In this chapter we learned that
Internal controls, stated in the simplest terms, are mechanisms that ensure the proper functioning of processes within a company. Controls can be preventive, detective, or reactive and have administrative, technical, and physical implementations.
It is important that your audit plan focus your auditors on the areas that have the most risk and on areas where you can add the most value. A comprehensive audit universe and effective ranking model are important elements to achieving this goal.
There are six key stages to an audit: planning, fieldwork and documentation, issue discovery and validation, solution development, report drafting and issuance, and issue tracking.
Some basic sources that should be referenced as part of each audit's planning process include handoff from the audit manager, preliminary survey, customer requests, standard checklists, and research.
During fieldwork and documentation, wherever possible, the auditors should look for ways to independently validate the information given to them and the effectiveness of the control environment.
If you work with your customers throughout the audit to validate issues and come to agreement on the risks those issues represent, then the conclusion of the audit will go much more smoothly and quickly.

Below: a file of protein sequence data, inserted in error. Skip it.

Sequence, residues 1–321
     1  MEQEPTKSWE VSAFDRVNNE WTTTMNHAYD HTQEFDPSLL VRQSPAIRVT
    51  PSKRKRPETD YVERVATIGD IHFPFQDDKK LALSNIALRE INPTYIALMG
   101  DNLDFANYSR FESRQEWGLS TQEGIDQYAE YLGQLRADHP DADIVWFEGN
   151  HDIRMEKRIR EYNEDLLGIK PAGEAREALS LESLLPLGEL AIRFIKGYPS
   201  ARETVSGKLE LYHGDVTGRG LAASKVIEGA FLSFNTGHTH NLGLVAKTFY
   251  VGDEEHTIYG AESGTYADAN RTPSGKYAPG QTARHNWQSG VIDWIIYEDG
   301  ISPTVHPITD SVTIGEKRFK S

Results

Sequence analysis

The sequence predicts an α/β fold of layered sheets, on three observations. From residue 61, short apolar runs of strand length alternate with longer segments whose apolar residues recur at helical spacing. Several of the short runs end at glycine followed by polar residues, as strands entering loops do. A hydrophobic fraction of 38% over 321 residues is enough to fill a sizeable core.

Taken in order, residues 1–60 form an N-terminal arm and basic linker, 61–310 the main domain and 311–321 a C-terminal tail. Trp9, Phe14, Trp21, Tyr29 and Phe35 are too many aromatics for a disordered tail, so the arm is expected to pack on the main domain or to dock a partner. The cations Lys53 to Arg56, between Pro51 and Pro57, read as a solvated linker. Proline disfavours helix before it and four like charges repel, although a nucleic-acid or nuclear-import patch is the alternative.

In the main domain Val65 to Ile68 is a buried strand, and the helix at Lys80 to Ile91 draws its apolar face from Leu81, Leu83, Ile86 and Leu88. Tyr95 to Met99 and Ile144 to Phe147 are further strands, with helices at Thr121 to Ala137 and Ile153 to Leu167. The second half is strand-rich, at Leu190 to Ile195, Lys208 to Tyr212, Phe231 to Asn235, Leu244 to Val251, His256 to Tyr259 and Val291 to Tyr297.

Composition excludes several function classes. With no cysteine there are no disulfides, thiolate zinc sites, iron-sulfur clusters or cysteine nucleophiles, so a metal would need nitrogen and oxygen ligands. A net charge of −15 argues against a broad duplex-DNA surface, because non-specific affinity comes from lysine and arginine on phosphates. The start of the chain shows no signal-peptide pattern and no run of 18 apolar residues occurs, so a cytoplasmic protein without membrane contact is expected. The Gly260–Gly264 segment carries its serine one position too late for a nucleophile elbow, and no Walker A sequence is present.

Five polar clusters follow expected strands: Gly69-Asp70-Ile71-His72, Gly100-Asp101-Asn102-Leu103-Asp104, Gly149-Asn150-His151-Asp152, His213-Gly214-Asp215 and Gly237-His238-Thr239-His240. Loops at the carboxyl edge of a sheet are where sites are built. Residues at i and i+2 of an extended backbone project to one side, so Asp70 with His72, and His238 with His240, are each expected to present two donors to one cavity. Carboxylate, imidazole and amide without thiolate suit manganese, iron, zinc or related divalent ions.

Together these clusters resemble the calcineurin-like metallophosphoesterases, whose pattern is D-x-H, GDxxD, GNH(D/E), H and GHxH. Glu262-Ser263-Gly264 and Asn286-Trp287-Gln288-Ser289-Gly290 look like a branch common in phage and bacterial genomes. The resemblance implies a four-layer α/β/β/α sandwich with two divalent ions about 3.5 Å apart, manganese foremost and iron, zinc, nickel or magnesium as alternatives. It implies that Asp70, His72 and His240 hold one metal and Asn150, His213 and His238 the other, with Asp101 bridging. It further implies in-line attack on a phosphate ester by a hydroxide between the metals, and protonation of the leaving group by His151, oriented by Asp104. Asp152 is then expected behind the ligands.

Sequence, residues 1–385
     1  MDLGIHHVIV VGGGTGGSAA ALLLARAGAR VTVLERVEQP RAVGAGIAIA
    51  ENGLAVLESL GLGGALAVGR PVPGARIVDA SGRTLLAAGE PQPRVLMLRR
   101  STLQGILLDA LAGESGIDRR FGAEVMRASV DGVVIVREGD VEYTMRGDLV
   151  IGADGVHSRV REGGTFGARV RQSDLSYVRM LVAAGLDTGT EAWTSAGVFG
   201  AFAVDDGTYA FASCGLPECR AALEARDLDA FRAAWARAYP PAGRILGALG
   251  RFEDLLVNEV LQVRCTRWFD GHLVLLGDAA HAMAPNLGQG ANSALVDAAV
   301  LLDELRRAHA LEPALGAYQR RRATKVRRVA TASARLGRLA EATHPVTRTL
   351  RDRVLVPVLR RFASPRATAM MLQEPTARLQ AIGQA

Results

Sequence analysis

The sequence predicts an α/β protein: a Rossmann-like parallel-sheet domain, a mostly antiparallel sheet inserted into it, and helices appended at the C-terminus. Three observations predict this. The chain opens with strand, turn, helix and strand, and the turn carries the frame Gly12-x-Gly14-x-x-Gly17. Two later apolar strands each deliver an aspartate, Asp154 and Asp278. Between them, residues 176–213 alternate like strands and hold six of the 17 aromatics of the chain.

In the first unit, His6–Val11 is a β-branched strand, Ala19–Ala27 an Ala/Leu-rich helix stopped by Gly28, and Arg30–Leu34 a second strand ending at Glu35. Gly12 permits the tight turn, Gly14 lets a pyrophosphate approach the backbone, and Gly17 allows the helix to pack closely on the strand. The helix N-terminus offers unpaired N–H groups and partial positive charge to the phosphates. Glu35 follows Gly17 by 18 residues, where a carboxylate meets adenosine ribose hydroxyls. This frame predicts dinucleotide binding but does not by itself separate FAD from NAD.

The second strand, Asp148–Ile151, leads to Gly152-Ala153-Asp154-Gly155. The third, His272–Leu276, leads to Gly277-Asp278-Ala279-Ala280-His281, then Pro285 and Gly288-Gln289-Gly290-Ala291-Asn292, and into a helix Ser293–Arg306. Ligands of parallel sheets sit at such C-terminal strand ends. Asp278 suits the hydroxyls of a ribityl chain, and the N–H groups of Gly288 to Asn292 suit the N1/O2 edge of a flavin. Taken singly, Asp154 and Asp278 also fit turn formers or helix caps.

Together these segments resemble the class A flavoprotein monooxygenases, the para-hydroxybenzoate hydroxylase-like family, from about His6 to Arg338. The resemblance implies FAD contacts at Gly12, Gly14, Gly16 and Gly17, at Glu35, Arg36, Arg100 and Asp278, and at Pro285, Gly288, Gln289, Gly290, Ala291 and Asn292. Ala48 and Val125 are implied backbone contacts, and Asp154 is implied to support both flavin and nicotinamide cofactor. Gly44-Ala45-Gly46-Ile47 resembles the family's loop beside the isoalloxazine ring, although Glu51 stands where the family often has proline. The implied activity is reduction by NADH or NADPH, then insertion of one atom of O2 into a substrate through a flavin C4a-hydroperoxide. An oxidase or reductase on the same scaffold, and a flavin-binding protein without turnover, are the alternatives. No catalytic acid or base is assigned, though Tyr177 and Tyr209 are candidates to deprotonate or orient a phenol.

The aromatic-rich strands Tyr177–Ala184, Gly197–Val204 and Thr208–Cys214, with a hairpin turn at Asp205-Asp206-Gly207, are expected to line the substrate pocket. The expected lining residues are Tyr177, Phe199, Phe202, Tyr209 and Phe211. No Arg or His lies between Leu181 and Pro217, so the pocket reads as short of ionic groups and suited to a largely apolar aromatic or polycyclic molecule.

Three common approaches are used for developing and assigning action items for addressing audit issues: the recommendation approach, the management-response approach, and the solution approach.
The essential elements of an audit report are the statement of the audit scope, list of issues along with action plans for resolving them, and the executive summary.
The audit is not truly complete until the issues raised in the audit are resolved.
In these first two chapters we have formed the foundation that will allow us to move on to Part II, which will provide details on how to audit specific processes and technologies.
If you're interested in further information on the audit process, 'Managing the Audit Function: A Corporate Audit Department Procedures Guide' by Michael P. Cangemi and Tommie Singleton is an excellent resource.